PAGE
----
Excerpts from

No Repentance from Willow Creek

Only a Mystical Paradigm Shift

Lighthouse Trails  11-15-07


Emphasis added in bold letters


Recently, headlines about Willow Creek filled the home pages of several online news outlets. The caption stated: "A Shocking Confession from Willow Creek Community Church." Some wondered if Willow Creek's pastor Bill Hybels was repenting from past errors in ministry techniques.1 But a Lighthouse Trails commentary showed that this "shocking confession" was actually a re-enforcement of Willow Creek's efforts to "transform this planet" through contemplative and emerging spiritualities. The LT commentary stated:

"It is no new thing that Willow Creek wishes to 'transform the planet.' They are part of the emerging spirituality that includes Rick Warren and many other major Christian leaders who believe the church will usher in the kingdom of God on earth before Christ returns. This dominionist, kingdom-now theology is literally permeating the lecture halls of many Christian seminaries and churches, and mysticism is the propeller that keeps its momentum. If Willow Creek hopes to transform the planet, they won't be able to get rid of the focus on the mystical (i.e., contemplative). Their new Fall 2007 Catalog gives a clear picture of where their heart lies, with resources offered by New Age proponent Rob Bell, contemplative author Keri Wyatt Kent, and the Ancient Future Conference with emerging leaders Scot McKnight and Alan Hirsch as well as resources by Ruth Haley Barton and John Ortberg. Time will tell what Willow Creek intends to do about strengthening its focus on "spiritual practices" and "transform[ing] the planet."

Well, it appears it isn't going to take a lot of time to see what their future intentions look like. The most current issue (Fall 2007) of Willow Creek's magazine... gives a clear view of the organization's spiritual emphasis. The issue titled Ministry Shifts has a subtitle that says: "The landscape of our ministries is shifting. Brace yourself for the aftershocks."

Article titles in this Willow issue certainly make a statement that things are going to change: "Seismic Shifts," "Rediscovering Spiritual Formation," "Stemming the Tide," "The Changing Face of Worship," "Shifts in Missional Mindset," and "The Next Great Debate." With such commitment to change, it's no wonder Willow Creek supports Brian McLaren, who is currently on his "Everything Must Change" tour (named for his new book).

In the first article, "Seismic Shifts," the message is straightforward: "Change or die. ... If the local church refuses to change, it will die. ... But the winds of change are blowing. Leaders and entire congregations are making the choice to try something new. They are looking at the world, culture, norms and trends and they are daring to take a chance, venture a risk, find another way." Bell explains that the other articles in the issue give "snapshots" of how the church is now shifting.

In the first article to follow, "Rediscovering Spiritual Formation," meditation promoter Keri Wyatt Kent writes positively about "monastic communities" and "the emergent church."... She correctly states that while there are some "conservative" Christians who are suspect of spiritual formation, by and large the term and "the practices" have become "mainstream." These practices, of course, are the mystical practices that are the energy behind the spiritual formation movement.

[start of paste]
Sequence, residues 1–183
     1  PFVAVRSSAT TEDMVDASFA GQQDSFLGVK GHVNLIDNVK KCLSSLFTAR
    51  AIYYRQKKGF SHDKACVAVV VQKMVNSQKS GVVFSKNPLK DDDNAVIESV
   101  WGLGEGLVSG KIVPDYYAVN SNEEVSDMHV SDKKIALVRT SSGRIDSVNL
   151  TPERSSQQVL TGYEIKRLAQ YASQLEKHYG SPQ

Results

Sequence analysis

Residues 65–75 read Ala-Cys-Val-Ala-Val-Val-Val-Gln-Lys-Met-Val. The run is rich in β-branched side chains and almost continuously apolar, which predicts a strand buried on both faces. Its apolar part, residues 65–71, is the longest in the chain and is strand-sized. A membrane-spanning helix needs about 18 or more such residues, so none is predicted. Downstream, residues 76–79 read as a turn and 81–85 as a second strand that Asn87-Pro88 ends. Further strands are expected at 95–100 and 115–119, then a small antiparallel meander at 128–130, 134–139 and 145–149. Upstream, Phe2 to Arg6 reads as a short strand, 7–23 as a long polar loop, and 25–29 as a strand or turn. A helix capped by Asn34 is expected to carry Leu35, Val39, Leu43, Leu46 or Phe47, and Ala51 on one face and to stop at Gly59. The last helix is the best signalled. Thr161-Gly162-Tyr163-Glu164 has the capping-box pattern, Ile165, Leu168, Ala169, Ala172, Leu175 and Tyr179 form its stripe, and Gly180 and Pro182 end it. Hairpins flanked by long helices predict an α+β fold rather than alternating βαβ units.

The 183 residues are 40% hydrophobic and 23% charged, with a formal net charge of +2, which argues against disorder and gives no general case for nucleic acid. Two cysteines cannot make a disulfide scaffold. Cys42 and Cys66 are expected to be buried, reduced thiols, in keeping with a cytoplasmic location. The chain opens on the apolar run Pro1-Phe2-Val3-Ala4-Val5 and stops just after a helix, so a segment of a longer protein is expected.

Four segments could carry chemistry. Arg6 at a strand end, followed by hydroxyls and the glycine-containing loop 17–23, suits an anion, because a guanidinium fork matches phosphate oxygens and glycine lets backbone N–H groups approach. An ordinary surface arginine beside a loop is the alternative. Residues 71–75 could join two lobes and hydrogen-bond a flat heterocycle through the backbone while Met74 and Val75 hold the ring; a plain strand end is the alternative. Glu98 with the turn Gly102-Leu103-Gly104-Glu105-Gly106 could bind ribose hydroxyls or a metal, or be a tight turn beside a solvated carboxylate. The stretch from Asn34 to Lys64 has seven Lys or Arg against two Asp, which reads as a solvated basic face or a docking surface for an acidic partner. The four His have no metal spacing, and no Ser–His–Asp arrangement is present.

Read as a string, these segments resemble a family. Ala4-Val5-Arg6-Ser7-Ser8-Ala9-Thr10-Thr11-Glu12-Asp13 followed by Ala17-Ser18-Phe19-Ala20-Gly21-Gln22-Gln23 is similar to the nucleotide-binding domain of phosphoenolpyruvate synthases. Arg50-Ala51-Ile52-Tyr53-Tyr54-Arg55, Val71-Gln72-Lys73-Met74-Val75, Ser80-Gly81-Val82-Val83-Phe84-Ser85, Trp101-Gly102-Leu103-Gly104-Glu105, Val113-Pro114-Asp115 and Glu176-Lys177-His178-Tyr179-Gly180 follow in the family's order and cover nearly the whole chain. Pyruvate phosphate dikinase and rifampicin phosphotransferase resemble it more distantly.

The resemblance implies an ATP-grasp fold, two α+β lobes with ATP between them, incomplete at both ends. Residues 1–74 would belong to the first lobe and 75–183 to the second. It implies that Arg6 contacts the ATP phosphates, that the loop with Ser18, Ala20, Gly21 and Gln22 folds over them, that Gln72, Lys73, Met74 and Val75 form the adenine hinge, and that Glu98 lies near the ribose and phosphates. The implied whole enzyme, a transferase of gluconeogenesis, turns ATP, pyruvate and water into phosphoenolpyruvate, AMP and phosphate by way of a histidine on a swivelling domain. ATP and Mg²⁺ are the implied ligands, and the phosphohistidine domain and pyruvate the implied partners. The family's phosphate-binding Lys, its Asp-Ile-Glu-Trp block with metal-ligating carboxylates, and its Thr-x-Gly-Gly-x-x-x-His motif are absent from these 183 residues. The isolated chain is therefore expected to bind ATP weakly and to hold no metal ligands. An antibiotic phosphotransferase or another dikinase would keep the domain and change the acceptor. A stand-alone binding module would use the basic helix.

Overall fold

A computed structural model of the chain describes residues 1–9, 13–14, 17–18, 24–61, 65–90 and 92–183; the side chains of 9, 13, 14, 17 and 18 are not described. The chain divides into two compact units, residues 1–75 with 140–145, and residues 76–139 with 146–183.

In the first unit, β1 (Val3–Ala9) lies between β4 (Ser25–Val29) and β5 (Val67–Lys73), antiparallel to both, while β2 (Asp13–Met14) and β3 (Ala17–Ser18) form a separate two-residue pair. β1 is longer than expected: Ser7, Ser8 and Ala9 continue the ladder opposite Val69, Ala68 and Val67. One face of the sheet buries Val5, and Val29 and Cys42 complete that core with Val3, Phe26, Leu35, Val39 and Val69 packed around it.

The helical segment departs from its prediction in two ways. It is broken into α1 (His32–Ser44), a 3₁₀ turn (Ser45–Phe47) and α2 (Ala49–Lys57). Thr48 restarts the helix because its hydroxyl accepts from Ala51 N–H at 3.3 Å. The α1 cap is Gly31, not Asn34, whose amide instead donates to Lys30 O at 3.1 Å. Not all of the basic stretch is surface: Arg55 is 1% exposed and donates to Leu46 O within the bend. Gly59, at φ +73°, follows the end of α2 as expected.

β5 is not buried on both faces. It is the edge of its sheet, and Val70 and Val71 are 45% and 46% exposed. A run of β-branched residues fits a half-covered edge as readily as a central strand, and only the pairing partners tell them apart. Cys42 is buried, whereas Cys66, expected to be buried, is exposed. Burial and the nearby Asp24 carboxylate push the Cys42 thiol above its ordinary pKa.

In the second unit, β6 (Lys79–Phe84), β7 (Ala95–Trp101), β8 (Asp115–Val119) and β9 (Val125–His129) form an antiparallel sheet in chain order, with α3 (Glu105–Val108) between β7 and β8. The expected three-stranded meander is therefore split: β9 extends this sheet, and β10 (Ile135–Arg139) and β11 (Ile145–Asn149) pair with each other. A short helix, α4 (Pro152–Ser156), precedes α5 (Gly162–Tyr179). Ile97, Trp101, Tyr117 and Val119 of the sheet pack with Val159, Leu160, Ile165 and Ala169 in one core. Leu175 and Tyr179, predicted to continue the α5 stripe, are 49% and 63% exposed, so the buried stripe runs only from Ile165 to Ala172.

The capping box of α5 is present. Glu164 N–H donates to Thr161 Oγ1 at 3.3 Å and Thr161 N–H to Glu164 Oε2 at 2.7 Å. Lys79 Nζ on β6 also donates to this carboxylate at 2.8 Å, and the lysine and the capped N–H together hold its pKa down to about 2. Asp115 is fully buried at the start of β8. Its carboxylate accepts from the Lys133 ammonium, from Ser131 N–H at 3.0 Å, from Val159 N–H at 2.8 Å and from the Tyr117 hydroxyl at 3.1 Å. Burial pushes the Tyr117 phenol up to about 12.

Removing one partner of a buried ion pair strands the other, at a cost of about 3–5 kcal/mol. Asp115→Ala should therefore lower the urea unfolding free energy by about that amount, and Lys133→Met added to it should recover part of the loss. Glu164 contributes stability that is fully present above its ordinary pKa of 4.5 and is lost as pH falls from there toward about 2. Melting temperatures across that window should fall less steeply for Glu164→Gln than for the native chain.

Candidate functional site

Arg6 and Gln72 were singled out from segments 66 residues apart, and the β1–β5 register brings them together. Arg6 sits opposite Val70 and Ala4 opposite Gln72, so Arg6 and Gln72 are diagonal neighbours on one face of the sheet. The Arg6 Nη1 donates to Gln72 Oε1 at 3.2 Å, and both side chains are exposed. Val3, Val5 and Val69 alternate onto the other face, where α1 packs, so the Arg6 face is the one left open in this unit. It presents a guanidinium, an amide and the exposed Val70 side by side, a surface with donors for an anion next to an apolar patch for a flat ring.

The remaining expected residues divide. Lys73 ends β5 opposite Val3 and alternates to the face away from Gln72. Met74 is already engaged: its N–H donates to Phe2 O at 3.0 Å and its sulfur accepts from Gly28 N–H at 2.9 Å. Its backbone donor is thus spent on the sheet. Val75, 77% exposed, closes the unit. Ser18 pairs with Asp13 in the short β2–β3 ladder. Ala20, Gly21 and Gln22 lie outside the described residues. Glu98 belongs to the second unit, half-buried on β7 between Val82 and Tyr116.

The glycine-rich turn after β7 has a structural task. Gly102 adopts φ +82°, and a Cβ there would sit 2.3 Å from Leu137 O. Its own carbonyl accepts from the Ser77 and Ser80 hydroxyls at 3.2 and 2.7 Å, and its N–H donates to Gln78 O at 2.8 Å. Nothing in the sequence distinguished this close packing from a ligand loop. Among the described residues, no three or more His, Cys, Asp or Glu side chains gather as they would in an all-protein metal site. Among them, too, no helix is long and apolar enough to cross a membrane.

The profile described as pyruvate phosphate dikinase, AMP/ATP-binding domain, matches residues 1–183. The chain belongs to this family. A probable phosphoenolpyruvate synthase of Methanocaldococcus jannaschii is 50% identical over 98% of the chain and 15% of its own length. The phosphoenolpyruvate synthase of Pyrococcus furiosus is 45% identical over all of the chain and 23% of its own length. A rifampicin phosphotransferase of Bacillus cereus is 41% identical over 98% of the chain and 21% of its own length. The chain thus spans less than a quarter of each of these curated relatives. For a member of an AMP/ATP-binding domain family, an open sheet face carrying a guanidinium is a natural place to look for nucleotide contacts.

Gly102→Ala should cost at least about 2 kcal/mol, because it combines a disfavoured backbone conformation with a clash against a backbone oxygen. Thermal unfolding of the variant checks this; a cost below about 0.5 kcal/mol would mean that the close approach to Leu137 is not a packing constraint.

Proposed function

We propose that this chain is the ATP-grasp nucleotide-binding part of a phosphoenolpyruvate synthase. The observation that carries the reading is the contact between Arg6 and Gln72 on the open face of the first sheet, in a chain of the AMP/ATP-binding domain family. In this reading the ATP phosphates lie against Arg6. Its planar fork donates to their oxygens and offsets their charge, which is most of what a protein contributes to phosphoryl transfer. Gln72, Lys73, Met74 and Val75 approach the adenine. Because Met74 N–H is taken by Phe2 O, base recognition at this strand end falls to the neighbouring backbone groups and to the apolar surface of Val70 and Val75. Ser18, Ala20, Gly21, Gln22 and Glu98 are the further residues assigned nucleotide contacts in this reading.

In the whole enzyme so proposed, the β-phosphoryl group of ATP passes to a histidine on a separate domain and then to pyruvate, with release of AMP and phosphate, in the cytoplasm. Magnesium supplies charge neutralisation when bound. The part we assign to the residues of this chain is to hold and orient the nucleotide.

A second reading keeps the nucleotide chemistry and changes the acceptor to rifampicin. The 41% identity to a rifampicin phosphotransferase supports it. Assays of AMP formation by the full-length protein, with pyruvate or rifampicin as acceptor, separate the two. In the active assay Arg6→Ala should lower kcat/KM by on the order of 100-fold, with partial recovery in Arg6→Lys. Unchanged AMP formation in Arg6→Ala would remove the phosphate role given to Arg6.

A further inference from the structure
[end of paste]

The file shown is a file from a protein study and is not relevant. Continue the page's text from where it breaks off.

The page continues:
Kent identifies Scot McKnight as part of this mystical shift. McKnight acknowledges the Catholic connection to contemplative practices, and amazingly, Kent brings into her article Catholic priest Richard Rohr. Why amazing? Rohr's spirituality would be in the same camp as someone like Matthew Fox who believes in pantheism and panentheism. For Willow Creek to include him in Willow speaks volumes about the level of spiritual deception that Willow Creek is now under.... Richard Rohr wrote the foreword to a 2007 book called How Big is Your God? by Jesuit priest (from India) PaulCoutinho. In Coutinho's book, he describes an interspiritual community where people of all religions (Hinduism, Buddhism, Christianity) worship the same God. Is this where Willow Creek is heading?

While the Willow issue says that they are not moving away from biblical principles, nothing could be further from the truth. For those reading this who may be new to the terms contemplative prayer and spiritual formation, it is quite simple. A mantric-style meditation is practiced so that the pray-er can enter a silent, altered state, which supposedly allows him or her to hear God's voice and be transformed. However, because the premise of contemplative prayer is panentheistic (God in all), it is actually occultic in nature....

Keri Wyatt Kent... explains: "Spiritual formation is not a passing fad, but it does continue to shift and to change as the Church and its people grow." Of course, what this really means is that where once the true nature of contemplative had to be disguised, more and more it can come out of the closet. No passing fad here. Contemplative is pure New Ageism, the devil's religion to put it bluntly....

Read the full report at: http://www.lighthousetrailsresearch.com/newsletter111507.htm

To understand contemplative spirituality and the emerging church, read A Time of Departing and Faith Undone.

More information: Emergent Manifesto & Yoga, Mysticism & Moody Bible Institute

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